Unfair Dismissal and Social Media: When is Dismissal Justified?
The rise of social media in our social conscience seems to continue unabated, and now not a day goes by without social media hitting the headlines in one way or another. Nick Branch looks at social media and employment issues.
Whilst many of the most prominent stories concern celebrities and often very obvious cases of abuse, behind the scenes the case law surrounding social media and unfair dismissal continues to grow.
Social media is a powerful tool which allows businesses to converse directly with their customer base. However employee use of social media comes at a price – both in terms of lost productivity in those firms which allow free Internet access during work hours, and in potential damage to reputation if an employee posts a loose comment or derogatory remark about their employer online.
Fair dismissal for inappropriate use of social media
Employment tribunals have shown a willingness to rule that dismissals are fair providing a clear policy on social media is available and the dismissal is a reasonable response to the infringement.
Crisp v Apple Retail (UK) Limited (unreported ET/1500258/2011) demonstrates many of the important consideration which employment tribunals make when deciding on whether a dismissal for use of social media is unfair.
In Crisp, the tribunal ruled that an employee was fairly dismissed after he had posted negative comments about his employer on his private Facebook page. The tribunal heard that Apple has a clear policy on social media which prohibits employees from making comments or acting in any way which might damage their brand. Employees are given training to the effect that they must be mindful of the way they present themselves in public, including online, and that comments made outside of work which affect the company image are still covered by company policy. The tribunal found that dismissal was within the range of reasonable responses to Mr Crisp's negative comments online.
Privacy and human rights
One of the central arguments brought by the claimant in Crisp, and in other similar cases such as Preece v JD Wetherspoons PLC (unreported ET/2104806/10), is that comments posted online are 'private'. Social media sites allow users to restrict access to their content in such a way that only certain specified users may freely view that content.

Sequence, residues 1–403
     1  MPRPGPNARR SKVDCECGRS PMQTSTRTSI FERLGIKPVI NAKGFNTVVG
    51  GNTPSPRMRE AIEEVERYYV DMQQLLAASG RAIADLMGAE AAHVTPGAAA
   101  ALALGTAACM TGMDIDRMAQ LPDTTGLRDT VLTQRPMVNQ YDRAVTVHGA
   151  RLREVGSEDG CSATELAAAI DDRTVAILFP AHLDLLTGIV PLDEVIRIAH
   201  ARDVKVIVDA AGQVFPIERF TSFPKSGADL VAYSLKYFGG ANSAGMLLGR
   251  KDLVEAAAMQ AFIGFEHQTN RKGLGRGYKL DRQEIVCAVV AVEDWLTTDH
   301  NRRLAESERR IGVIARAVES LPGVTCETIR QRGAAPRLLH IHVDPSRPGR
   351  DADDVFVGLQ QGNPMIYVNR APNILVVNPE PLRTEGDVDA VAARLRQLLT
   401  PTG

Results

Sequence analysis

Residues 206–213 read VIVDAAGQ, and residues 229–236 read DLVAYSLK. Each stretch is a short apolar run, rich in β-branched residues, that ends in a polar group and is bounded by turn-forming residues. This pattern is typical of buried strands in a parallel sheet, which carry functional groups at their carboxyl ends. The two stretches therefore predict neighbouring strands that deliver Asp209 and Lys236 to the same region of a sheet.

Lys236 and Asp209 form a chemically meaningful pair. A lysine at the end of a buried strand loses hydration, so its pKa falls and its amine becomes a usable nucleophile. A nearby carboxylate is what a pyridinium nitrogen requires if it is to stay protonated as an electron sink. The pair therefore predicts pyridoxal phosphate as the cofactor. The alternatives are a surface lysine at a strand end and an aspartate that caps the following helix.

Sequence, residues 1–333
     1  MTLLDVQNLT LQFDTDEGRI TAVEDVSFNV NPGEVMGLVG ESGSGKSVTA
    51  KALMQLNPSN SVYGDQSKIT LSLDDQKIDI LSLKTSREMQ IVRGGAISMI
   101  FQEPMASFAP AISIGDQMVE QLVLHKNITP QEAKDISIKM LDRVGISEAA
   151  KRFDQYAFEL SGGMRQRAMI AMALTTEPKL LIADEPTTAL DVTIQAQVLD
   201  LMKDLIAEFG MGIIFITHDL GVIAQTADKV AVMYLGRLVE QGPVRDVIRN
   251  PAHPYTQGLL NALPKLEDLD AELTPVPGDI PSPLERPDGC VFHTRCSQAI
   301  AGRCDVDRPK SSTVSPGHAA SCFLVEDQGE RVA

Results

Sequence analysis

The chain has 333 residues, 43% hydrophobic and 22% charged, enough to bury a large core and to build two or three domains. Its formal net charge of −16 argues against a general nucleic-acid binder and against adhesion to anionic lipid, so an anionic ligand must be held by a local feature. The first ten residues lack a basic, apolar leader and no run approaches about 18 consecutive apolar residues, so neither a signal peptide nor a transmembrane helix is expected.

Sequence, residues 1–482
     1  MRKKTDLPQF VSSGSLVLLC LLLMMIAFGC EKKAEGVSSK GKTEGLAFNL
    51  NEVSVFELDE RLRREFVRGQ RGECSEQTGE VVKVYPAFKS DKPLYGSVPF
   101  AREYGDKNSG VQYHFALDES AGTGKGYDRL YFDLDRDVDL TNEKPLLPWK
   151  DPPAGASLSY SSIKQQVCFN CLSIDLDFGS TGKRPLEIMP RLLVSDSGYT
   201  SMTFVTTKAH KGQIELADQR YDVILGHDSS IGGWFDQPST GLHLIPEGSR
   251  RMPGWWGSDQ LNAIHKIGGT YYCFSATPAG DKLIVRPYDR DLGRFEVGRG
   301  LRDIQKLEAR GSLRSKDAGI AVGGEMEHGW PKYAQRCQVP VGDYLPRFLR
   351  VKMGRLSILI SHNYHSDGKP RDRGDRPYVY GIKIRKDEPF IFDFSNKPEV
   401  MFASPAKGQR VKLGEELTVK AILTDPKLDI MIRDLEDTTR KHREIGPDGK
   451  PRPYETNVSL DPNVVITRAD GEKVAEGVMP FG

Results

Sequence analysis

Section 6 of the Human Rights Act 1998 obliges public bodies (in this case employment tribunals) to act in accordance with the provisions of human rights law. In cases such as these a key consideration is whether dismissal infringes an employee's right to privacy under the ECHR, Article 8.
Mr Crisp argued that his comments were posted only to his friends, and further produced examples of derogatory comments from other employees' private pages which had not resulted in dismissal. His argument being that dismissal was therefore clearly unfair. However this reasonably constructed argument was in essence his undoing. In producing examples from other employees' private pages, he neatly demonstrated that when a comment is posted online, even privately, it is almost impossible to control where that information ends up.
Freedom of expression
Employment Tribunals also consider whether a dismissal infringes an employees' right to freedom of expression. We fear living in a totalitarian state, and for some employees a highly restrictive social media policy may serve to generate that impression.
The right to freedom of expression under the ECHR, Article 9 is subject to limitations, most notably in this case in the 'protection of the reputation or rights of others'. In Crisp case, the tribunal ruled that Apple could fairly limit Mr Crisp's right to express himself freely where that expression was damaging or potentially damaging to its reputation as a business.
The case law in this area contains many examples of employer's acting unfairly in dismissing an employee for a comment made online. As well as rigorously following appropriate disciplinary procedures, the case law shows that dismissal must be a reasonable response in the circumstances of each case.
Navigating a way through this potentially difficult field is made somewhat easier by guidance recently released by ACAS on how to draft an appropriate social media policy. However, businesses must surely still rely on swift and up-to-date legal advice to ensure that their disciplinary actions are within the law.
Nick Branch received his LLB from the University of the West of England in 2004 before going on to work as a director of two property-related businesses. Nick is currently studying to become a doctor on the fast-track graduate entry medicine course at King's College London and often writes on law-related topics for Contact Law.
To post a comment, log on (you must be a current member of SCL to post a comment). Comments are limited to 4096 characters (roughly 500 words). Comments are subject to the SCL standard terms and conditions. Please go to My SCL and log on now.